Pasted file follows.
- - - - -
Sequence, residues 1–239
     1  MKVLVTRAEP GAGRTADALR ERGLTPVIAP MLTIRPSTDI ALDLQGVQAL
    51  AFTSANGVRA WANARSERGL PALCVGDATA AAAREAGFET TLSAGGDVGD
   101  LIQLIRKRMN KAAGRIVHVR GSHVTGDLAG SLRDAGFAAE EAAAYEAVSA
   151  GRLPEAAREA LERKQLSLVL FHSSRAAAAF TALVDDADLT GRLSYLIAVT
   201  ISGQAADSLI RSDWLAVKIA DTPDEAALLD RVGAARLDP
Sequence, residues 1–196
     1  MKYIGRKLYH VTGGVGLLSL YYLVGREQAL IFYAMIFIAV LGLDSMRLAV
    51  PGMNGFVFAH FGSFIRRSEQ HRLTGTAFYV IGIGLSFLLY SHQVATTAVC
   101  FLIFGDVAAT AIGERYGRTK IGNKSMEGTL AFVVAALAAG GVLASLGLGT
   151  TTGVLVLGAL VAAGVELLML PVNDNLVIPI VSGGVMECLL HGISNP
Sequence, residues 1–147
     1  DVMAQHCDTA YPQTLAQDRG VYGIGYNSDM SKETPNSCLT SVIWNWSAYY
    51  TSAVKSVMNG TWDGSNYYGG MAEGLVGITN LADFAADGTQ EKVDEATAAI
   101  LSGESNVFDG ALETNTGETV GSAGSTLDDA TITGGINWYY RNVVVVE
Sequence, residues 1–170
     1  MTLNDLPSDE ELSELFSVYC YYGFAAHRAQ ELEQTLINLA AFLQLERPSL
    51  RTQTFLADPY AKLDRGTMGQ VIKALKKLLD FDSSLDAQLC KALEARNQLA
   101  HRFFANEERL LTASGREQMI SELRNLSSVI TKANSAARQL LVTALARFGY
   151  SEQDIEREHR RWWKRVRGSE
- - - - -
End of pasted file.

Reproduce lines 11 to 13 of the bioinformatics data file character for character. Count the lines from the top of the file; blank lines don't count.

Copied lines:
   151  TTGVLVLGAL VAAGVELLML PVNDNLVIPI VSGGVMECLL HGISNP
Sequence, residues 1–147
     1  DVMAQHCDTA YPQTLAQDRG VYGIGYNSDM SKETPNSCLT SVIWNWSAYY